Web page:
To me – and BJ agrees – nothing can be built without trust. The easiest way to build trust is make sure you and your crew practice the adage of “when there is a problem, there is no problem.” Fix it immediately and empower your crew to fix problems on the spot.
Learning to Be a Good Manager
If you are like me, one of the greatest challenges you face is managing people. Great managers are so hard to come by.
And just because you own the business, doesn’t mean you are a good manager. There is a huge difference between being a successful entrepreneur and being a successful manager. For me, managing people has been harder than building my business.
When I got the invitation to join a monthly CEO roundtable group, I jumped at the chance. Their meetings are held in New York at different venues each month. Normally, we network for a while and then break into groups for discussions that are about things that will help us run our businesses better.
When I learned who some of the folks at my first meeting were, I was blown away. There were folks in the room that had gigantic businesses – companies that were doing hundreds of millions and billions of dollars. I had to remind myself I was in New York and there were lots of Wall Street types, real estate developers, high-powered lawyers and countless other CEOs and very successful entrepreneurs.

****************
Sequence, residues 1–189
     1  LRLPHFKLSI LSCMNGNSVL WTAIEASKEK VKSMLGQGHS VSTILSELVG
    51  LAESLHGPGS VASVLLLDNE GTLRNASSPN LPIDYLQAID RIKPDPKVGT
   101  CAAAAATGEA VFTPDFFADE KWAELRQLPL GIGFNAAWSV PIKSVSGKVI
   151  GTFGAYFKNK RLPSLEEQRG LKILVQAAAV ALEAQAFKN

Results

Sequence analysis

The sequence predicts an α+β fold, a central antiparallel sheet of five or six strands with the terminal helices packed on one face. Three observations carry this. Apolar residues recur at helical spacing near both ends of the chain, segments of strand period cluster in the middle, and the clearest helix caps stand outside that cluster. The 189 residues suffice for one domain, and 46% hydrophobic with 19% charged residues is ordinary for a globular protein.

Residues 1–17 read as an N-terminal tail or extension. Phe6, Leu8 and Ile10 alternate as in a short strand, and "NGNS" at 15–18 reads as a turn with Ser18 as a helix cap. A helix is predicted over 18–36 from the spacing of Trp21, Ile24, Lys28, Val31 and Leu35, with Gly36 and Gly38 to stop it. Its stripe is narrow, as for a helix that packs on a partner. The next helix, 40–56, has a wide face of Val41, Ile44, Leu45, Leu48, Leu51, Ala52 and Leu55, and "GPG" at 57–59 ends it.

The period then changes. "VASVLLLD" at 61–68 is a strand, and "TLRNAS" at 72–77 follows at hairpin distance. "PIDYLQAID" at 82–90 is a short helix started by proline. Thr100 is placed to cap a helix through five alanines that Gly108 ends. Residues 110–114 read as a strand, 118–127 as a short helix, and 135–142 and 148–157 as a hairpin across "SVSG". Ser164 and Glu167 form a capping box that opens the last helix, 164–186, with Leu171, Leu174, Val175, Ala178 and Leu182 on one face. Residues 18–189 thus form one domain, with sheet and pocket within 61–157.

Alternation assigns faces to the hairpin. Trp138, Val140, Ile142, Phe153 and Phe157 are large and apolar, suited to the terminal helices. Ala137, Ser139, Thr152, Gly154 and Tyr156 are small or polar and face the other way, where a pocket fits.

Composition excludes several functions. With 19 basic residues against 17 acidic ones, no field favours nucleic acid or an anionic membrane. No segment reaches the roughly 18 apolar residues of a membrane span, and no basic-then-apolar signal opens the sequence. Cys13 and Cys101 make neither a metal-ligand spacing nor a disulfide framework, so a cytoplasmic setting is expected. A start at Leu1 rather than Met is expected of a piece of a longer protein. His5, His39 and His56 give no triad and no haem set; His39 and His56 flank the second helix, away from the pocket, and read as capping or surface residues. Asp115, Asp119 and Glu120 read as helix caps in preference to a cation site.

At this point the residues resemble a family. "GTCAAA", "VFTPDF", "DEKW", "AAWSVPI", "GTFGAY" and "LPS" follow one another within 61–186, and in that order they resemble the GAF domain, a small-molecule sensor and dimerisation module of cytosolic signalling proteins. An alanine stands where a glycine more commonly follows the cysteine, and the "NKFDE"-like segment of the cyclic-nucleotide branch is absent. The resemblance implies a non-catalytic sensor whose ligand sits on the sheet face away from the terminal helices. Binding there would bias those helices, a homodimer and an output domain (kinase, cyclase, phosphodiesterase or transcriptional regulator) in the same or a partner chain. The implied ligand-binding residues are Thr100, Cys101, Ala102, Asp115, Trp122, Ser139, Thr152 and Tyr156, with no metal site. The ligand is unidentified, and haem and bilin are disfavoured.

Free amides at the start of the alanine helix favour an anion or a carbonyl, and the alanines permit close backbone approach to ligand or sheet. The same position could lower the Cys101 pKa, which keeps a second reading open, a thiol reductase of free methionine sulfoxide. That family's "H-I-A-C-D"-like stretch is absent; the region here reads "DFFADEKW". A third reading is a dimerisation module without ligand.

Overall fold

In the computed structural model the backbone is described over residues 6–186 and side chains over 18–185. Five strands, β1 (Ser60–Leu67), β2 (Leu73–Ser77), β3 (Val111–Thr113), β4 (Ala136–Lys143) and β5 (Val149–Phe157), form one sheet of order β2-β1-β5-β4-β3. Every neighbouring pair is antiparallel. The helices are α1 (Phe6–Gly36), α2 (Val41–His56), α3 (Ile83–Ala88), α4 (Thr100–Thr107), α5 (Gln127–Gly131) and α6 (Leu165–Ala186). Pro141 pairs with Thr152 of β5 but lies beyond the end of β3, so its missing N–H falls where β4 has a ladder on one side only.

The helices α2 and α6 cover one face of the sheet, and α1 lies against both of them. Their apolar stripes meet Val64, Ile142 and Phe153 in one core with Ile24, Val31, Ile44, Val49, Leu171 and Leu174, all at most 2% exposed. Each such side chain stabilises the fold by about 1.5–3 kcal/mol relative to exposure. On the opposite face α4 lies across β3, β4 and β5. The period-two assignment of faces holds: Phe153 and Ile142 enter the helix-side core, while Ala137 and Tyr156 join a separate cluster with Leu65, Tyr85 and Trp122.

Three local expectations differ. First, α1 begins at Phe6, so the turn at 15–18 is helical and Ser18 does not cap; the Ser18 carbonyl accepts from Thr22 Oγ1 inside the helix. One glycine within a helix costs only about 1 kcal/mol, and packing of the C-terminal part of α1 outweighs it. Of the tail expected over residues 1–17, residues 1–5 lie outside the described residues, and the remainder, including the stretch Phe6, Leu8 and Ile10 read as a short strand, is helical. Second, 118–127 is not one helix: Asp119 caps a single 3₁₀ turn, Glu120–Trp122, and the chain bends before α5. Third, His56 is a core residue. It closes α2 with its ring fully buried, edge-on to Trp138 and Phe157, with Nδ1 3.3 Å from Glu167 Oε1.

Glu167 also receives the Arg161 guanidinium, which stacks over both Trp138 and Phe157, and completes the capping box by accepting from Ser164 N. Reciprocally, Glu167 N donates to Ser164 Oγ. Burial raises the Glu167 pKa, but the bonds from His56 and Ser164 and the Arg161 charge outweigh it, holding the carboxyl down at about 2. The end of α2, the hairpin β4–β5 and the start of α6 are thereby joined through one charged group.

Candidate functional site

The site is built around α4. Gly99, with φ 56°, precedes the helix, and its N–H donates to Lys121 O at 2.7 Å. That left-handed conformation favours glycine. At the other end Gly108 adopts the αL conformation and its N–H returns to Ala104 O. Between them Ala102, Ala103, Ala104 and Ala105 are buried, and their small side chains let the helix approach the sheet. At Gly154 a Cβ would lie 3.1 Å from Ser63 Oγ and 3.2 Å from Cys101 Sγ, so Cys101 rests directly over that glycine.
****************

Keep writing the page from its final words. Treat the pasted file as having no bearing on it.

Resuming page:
To say that my business is the smallest in the group is an understatement. But the fact is, these folks face many of the same issues and deal with the same stresses that we pet retailers do. I want to share with you what I have been fortunate to learn from some of them.
The theme of our last meeting was “dealing with adversity.” There were 10 people in our forum. We each spoke briefly about one example of a particularly difficult time in our life or career and how we dealt with it. As my turn was approaching, all I could think about was that in 1995 I had to close a store and it almost put us under.
As I listened to each of the folks in the room, I was stunned by what “real adversity” some of these folks had faced and – for lack of a better word – defeated. The fellow next to me ran a business that provided software to many of the biggest names in the financial industry.